Polymer

Polymer materials are finding ever increasing application in numerous consumer products.  Applications of polymer materials range from fields as diverse as food packaging to organic electronics and biomaterials to automotive body panels.  The surface properties of these materials are often vital in determining performance of the polymer for the specific application.  X-ray photoelectron spectroscopy is ideally suited to the surface characterisation of these polymer materials as it can provide quantitative chemical state information from the upper 10nm of the material.

The majority of polymer materials are insulating and therefore effective charge compensation is paramount if generating high resolution spectra with monochromatic x-rays.  The performance of the AXIS spectrometers is demonstrated by the guaranteed performance on PET where the FWHM of the component corresponding to the ester group is <0.68 eV with a sensitivity defined by the maximum of the hydrocarbon peak >12 kcps.

An excellent publication demonstrating demonstrating the information that can be gained by combining XPS and the Arn+ gas cluster ion source for with depth profiling complex polymeric devices can be found in Energy Environ. Sci., 2015, 8, 332.

Performance, morphology and photophysics of high open-circuit voltage, low band gap allpolymer solar cells

Kedar D. Deshmukh, Tianshi Qin,b Joseph K. Gallaher,c Amelia C. Y. Liu,d Eliot Gann, Kane O'Donnell, Lars Thomsen, Justin M. Hodgkiss, Scott E. Watkins and Christopher R. McNeill*

The microstructure and photophysics of low-band gap, all-polymer photovoltaic blends are presented.  Blends are based on the donor polymer BFS4 (a dithienyl-benzo[1,2-b:4,5-b]dithiophene/5-fluoro-2,1,3-benzothiadiazole co-polymer) paired with the naphthalene diimide-based acceptor polymer P(NDI2ODT2).  Efficiencies of over 4% are demonstrated, with an open circuit voltage of greater than 0.9 V achieved. Transmission electron microscopy reveals a relatively coarse phase-separated morphology, with elongated domains up to 200 nm in width. Near-edge X-ray absorption fine-structure (NEXAFS) spectroscopy and atomic force microscopy (AFM) measurements reveal that the top surface of BFS4:P(NDI2OD-T2) blends is covered with a pure BFS4 capping layer. Depth profiling measurements confirm this vertical phase separation with a surface-directed spinodal decomposition wave observed.  Grazing-incidence wide-angle X-ray scattering (GIWAXS) measurements confirm that BFS4 and P(NDI2OD-T2) are semicrystalline with both polymers retaining their semicrystalline nature when blended. Photoluminescence spectroscopy reveals incomplete photoluminescence quenching with as much as 30% of excitons failing to reach a donor/acceptor interface. Transient absorption spectroscopy measurements also find evidence for rapid geminate recombination.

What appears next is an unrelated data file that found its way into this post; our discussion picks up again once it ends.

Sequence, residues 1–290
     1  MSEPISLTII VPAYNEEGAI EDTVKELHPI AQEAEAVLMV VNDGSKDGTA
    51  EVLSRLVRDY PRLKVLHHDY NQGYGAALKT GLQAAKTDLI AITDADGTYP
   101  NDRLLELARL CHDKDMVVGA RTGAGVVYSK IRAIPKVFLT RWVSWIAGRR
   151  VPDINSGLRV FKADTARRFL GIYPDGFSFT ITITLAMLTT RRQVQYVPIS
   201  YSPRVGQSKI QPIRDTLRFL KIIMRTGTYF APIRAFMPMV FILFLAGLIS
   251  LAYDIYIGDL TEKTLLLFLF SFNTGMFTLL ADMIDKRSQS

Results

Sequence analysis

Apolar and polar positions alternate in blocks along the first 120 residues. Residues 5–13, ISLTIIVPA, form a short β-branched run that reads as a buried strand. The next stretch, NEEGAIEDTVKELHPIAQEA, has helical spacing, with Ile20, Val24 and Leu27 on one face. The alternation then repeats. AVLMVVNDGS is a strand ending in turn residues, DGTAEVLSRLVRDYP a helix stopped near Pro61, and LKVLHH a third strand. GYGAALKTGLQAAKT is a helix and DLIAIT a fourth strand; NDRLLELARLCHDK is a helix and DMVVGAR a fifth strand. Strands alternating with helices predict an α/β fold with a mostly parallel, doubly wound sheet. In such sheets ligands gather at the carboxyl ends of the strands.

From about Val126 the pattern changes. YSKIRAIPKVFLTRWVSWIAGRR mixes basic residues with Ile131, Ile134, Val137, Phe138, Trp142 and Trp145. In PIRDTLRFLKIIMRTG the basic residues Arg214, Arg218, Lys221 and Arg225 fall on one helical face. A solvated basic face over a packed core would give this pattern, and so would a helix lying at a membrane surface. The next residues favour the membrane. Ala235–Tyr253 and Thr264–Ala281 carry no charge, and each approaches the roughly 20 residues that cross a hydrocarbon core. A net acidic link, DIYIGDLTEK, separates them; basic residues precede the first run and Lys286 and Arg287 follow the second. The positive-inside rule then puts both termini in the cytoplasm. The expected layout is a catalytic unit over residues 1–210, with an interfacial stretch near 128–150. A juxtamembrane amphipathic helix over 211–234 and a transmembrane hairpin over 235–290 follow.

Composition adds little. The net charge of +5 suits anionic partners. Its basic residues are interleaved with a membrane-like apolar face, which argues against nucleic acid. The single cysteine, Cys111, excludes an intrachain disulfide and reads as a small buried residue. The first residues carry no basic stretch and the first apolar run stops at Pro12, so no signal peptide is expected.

Polymer surface characterisation may also be applied to the Plasma Treatment of Textiles where the application of low pressure and atmospheric pressure plasmas for the functionalisation and coating of textile surfaces is growing in importance. As regards new textile products, key areas of plasma process activity include the production of repellent surfaces to prevent/limit the adhesion of biofilms/bacteria e.g. for surgical and hygiene applications.

Polymer meshes, such as polypropylene and polyester, are used for the surgical repair of hernias and other soft tissue defects. Whereas the use of mesh material has lead to a widely accepted improvement in this kind of surgery, their implantation can be associated with serious infection rates.  In order to reduce the infection rates of such meshes, their surface properties have to be improved.

XPS has been used to study the plasma deposition of a polyethyleneglycol-based (PEG) coating on meshes. The aim is to produce a stable PEG-rich surface which is repellent to biomolecules and cells (anti-adhesive/anti-fouling), thus enhancing the biological integration of the meshes.

In the XPS spectra, the PEG coating is detected in the survey (elemental) and narrow region spectra.  Examples of the latter are shown in Figure 1 (above), whereby the C-O rich PEG coating (Fig. 1b; C 1s binding energy = 286.5 eV for carbon in the C-O chemical state) contrasts with the C-C dominated untreated polypropylene mesh (Fig. 1a; C 1s binding energy = 285.0 eV for carbon in the C-C chemical state).

The PEG coating coverage and integrity can be quantified as a function of the plasma treatment parameters such that XPS can help to optimise the PEG coating for maximum anti-adhesive properties.  The technique can be further used to assess, for example, the effects of sterilisation (i.e. autoclaving, gamma irradiation, ethylene-oxide) or packaging/storage on the integrity of the PEG coating.

 

 

XPS imaging is important for assessing coating coverage.  This is illustrated in Fig. 2 for a region of plasma-treated polypropylene mesh where the PEG-based coating is incomplete as demonstrated by a chemical state image.  The C 1s of PEG-based coating on polypropylene mesh where green corresponds to a high PEG coating concentration (C-O chemical state)  and the red region corresponds to poor PEG coating coverage (CC,CH chemical state).  Image dimensions = 800um x 800um.

The coating of surgical meshes represents a challenge for the plasma technologists.  Surface analysis techniques are playing an important role in the developments.